St. Mary’s and Middle Tennessee were two notable teams who were left out of the NCAA Tournament this year, in favor of at-larges from major conferences. The two conferences those teams came from, the West Coast and Conference USA respectively, are trying something new to help increase their chances of getting bubble teams in the tournament in the future.
Will it work? Well, I’m dubious. It will have a small incremental effect on the RPI for the conference, but I’m not sure that the Selection Committee–following a year where Loyola-Chicago was the story of the tournament, but probably would not have made it had they not secured the auto bid from the Missouri Valley–will change what they do.
First, let’s go to the differing scheduling tweaks the two conferences are making.
Conference USA, which has 14 basketball-playing members and in 2018 played an 18-game schedule with five home-and-home opponents, is altering theirs to try to insure the top teams play each other. The conference is going to play 14 games at the outset (the other 13 opponents, with one of them being partnered for a home-and-away). Then they are going to play the final four conference games based on standings in tiers. The top 5 teams after 14 games will play each other to finish out the 18-game schedule.
The West Coast Conference, which has been top heavy with Gonzaga, St. Mary's, and BYU dominating the 10-team conference in recent years, is going away from true round robin play. Last year, every team played all other conference members twice. To eliminate the RPI penalty of playing bad opponents, though, the conference is dropping two games. Gonzaga, for example, will only play last year’s 9th and 10th-placed finishers once each.
So how much impact will this have? The Conference USA system may seem more revolutionary, but I think the impact is about the same. That’s because the Conference USA system is just guaranteeing a second game against a top team (something that was already happening in the WCC). Last year, Middle Tennessee already played Western Kentucky and Marshall twice in the regular season; under this system they would have played another game against Old Dominion and Texas-San Antonio, rather than Southern Miss and UAB.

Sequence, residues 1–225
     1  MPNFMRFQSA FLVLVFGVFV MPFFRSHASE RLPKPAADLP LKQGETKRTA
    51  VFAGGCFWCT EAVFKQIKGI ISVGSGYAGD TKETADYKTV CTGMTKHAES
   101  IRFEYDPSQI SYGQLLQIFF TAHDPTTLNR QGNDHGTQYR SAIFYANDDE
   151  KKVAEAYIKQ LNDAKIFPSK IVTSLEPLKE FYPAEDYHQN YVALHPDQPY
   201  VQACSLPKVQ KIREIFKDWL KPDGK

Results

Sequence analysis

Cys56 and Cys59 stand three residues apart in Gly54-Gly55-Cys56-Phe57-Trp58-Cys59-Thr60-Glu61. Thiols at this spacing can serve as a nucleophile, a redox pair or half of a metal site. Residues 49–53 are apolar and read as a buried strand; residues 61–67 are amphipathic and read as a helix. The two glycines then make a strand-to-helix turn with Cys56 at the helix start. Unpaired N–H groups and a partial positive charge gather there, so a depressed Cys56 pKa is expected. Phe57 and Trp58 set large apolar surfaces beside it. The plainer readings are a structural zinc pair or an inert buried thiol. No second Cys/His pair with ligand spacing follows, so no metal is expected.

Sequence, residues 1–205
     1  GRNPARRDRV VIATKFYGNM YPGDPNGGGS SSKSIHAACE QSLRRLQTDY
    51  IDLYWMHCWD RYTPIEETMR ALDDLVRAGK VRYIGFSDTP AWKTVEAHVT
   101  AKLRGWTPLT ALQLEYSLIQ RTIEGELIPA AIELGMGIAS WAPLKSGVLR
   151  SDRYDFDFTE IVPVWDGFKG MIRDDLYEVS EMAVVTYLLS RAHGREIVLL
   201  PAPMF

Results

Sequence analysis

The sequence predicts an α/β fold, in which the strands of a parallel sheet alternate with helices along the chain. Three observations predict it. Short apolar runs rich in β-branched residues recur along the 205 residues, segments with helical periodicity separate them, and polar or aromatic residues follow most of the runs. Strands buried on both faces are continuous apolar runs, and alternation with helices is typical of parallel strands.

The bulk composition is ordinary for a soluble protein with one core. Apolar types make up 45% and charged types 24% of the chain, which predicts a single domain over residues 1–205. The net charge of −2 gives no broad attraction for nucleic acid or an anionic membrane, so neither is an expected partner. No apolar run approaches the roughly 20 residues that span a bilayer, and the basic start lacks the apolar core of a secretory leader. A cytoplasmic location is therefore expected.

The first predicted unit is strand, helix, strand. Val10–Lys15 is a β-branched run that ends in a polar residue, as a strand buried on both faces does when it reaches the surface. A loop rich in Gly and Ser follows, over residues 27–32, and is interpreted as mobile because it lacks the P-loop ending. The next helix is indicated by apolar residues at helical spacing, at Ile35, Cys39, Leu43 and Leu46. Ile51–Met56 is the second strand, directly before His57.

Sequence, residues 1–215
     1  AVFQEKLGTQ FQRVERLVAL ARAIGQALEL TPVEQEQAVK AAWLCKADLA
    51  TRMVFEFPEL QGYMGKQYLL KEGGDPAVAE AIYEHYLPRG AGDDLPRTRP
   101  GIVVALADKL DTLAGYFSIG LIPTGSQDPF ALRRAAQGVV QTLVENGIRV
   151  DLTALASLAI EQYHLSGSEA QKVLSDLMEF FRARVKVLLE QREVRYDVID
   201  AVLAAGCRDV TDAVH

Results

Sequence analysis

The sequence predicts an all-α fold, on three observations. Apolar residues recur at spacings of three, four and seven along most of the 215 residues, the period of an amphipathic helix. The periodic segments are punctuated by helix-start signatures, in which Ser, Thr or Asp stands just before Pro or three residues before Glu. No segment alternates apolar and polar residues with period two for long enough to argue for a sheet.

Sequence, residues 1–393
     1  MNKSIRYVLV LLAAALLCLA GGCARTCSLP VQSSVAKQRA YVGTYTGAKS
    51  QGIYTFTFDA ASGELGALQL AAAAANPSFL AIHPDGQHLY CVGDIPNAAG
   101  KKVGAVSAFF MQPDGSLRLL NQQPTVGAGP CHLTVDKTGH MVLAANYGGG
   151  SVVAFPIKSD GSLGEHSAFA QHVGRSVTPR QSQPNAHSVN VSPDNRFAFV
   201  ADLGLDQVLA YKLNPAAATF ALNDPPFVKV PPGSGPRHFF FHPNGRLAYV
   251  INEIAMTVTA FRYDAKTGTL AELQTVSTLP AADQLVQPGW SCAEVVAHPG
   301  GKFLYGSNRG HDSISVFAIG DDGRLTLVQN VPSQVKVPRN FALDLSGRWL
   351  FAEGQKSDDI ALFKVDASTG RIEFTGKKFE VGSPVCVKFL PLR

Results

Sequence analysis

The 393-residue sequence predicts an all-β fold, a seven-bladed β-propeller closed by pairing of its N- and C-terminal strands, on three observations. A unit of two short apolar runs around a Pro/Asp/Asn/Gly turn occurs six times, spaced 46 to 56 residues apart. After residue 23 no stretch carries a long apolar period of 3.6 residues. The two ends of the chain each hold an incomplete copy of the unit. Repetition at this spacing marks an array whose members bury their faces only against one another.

Using the RPI Wizard at RPI Forecast, Middle Tennessee’s RPI would have gone from 33 to 30, and St. Mary’s (by dropping their two opponents) would have gone from 40 to 35. Would that have been enough to get either in?
Well, the Selection Committee put Middle Tennessee as a 3-seed in the NIT, so I would say no as long as the same mentality exists. St. Mary’s was a 1-seed in the NIT so maybe that matters, but I’ll note this scheduling doesn’t add a quality game, unless St. Mary’s chooses to replace those two weaker conference games with good non-conference matchups, including one on the road.
The biggest factor for the Committee has been quality wins. Maybe these marginal changes will push more conference members up, but the results aren’t going to change as long as the mentality that good wins matter (without accounting for number of opportunities/venue).
What it does show is, again, the absurdity of the system where simply playing teams, such as the bottom of your own conference, is a negative that actually hurts.